|Bolt holes close to edge||Causes breakage in stripping and assembling.||Projection or "ear"|
Notch instead of hole.
|Very small bolt holes or non-circular openings.||Require handpicking; easy to miss.||Avoid hole sizes under 3/32" diameter. If small hole is for locating or indexing, change to notch.|
|Tear-away parts with open slots at attached edges.||Slots require handpicking and costly programming charges.||Simple perforation|
|Thin walls, delicate cross-section in relation to overall size.||High scrap loss; stretching or distortion in shipment or use. Restricts choice to high tensile strength materials.||Have the gasket in mind during early design stages.|
|Metalworking tolerances applied to gasket thickness, diameters, length, width, etc.||Results in perfectly usable parts being rejected at incoming inspection. Requires time and correspondence to reach agreement on practical limits. Increases cost of parts and tooling. Delays delivery.||Most gasket materials are compressible. Many are affected by humidity changes. Try standard or commercial tolerances before concluding that special accuracy is required.|
|Transference of fillets, radii, etc. from mating metal parts to gasket.||Unless part is molded, such features mean extra operations and higher costs.||Most gasket stocks will conform to mating parts without preshaping. Be sure radii, chamfers, etc. are functional, not merely copied from metal members.|
|Large gaskets made in sections with beveled joints||Extra operations to skive or glue. Difficult to obtain smooth, even joints without steps or transverse grooves.||Precision WaterJet cut dovetail joints.|
| The gasket's function is to seal two different surfaces held together by one of several means, the most common being screw-threaded devices such as bolts. Sometimes the fastener itself must be sealed, as in the case of a steel drum bung.|
The bolt is a spring. It is an elastic member that has been stretched to develop a load. The more spring provided by the bolt, the better the retention of stress on the gasket to maintain a leakproof joint. It must not be over-elongated (over-strained), or the elastic limit of the steel will be exceeded. The bolt then deforms and, with continued loading (stressing), may rupture.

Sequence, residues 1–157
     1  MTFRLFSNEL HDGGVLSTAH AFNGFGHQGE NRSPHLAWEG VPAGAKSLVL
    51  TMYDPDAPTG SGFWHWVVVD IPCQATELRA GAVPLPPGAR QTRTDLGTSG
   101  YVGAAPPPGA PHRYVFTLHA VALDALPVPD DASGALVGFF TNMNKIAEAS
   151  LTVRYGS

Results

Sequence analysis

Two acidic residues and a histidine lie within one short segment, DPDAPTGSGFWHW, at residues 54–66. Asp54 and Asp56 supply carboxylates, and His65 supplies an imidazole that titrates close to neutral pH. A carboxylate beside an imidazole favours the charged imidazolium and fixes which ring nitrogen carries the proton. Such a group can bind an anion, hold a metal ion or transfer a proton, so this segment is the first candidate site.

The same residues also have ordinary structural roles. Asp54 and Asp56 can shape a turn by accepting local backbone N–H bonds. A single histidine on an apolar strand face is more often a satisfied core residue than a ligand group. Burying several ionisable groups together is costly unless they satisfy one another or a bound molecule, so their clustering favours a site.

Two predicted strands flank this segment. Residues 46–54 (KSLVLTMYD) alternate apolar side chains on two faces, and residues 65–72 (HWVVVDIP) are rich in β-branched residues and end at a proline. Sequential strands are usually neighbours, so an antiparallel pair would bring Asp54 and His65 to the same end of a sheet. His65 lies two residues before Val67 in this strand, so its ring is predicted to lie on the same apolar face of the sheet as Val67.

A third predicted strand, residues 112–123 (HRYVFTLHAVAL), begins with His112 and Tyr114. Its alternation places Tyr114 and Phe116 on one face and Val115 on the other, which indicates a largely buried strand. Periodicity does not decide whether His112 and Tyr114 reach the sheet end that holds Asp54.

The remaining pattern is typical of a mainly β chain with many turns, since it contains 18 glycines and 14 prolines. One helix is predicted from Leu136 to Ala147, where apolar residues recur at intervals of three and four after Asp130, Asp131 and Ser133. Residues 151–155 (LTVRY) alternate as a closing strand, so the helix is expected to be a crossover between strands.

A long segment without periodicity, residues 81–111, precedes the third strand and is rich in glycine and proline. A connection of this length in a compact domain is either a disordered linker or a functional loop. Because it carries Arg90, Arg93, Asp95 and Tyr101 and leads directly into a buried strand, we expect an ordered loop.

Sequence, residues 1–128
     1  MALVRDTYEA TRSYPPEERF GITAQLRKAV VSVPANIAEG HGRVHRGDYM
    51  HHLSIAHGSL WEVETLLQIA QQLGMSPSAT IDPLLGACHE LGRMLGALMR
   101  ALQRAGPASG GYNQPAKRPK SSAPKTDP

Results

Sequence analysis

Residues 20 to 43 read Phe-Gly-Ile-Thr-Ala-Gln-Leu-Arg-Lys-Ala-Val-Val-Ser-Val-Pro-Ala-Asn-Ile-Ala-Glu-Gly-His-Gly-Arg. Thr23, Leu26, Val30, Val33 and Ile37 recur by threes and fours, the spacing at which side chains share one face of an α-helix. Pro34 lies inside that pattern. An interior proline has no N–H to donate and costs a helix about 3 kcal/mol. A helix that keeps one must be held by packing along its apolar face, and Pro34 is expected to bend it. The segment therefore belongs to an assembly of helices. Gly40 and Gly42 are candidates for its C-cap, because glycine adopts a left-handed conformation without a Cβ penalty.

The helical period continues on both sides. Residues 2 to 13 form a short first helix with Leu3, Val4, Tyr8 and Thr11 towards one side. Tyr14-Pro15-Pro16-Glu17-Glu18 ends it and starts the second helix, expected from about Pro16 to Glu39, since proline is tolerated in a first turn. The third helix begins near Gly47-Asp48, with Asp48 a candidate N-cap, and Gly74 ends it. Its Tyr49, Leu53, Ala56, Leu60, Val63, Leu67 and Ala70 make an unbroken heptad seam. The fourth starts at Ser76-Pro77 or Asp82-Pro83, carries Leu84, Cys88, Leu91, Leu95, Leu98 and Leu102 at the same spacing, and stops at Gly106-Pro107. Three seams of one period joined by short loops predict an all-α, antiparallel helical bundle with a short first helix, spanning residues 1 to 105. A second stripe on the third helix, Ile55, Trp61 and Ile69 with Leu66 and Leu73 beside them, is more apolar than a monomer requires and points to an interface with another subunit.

To avoid such problems with bolt tightening, the use of a torque wrench is recommended. The equipment designer normally specifies the torque required for a product. This ensures that the maximum available load is applied consistently to the gasket. The load will be better retained by using a bolt with a longer grip, thereby ensuring a leakproof joint.
There are limits on the degree of flange surface imperfection that can be sealed successfully with a gasket. Large nicks, dents or gouges must be avoided, since a gasket cannot properly seal against them. The surface finish of a flange is described as follows:
1. Roughness: Roughness is read in millionths of an inch as the average of the peaks and valleys measured from a midline of the flange surface. This is expressed either as rms (root mean square) or AA (arithmetic average). The difference between these two methods of reading is so small that they may be used interchangeably. Roughness is also expressed as AARH (arithmetic average roughness height).
2. Lay: Lay is the direction of the predominant surface-roughness pattern. Example: multidirectional, phonographic spiral serrations, etc.
3. Waviness: Waviness is measured in thousandths of fractions of an inch. Basically, it is the departure from overall flatness.
Typical roughness readings can be from 125 to 500 micro-inches for serrated flanges and 125-250 micro-inches for non-serrated flanges. Fine finishes, such as polished surfaces, should be avoided. Adequate "bite" in the surface is required to develop enough friction to prevent the gasket from being blown out or from extruding or creeping excessively.
The lay of the finish should follow the midline of the gasket, if possible. Take, for example, concentric circles on a round flange, or a phonographic spiral. Every effort should be made to avoid lines across the face, such as linear surface grinding, which at 180° points will cross the seal area at right angles to the gasket, allowing a direct leak path.
Waviness is seldom a problem under normal conditions. There are two areas that must be watched, however, since excessive waviness is very difficult to handle.
The first area is glass-lined equipment where the natural flow of the fused glass creates extreme waviness. Often the answer here is to use thick and highly compressible gasketing.
The second area of concern is warped flanges. If warpage is caused by heat or internal stresses, re-machining is generally sufficient. However, warpage due to excessive bolt loads or insufficient flange thickness results in what is generally called bowing. (See example of bowing pictured below).
The solution is to redesign for greater flange rigidity. Sometimes backer plates can be added to strengthen the design without having to replace the parts. Another step would be to add more bolts. When this is done, usually smaller bolt diameters are possible, thus adding more bolt stretch and better joint performance.
|Bowing of flanges because of excessive bolt load or insufficient flange thickness:|
|Correct bolting patterns:|
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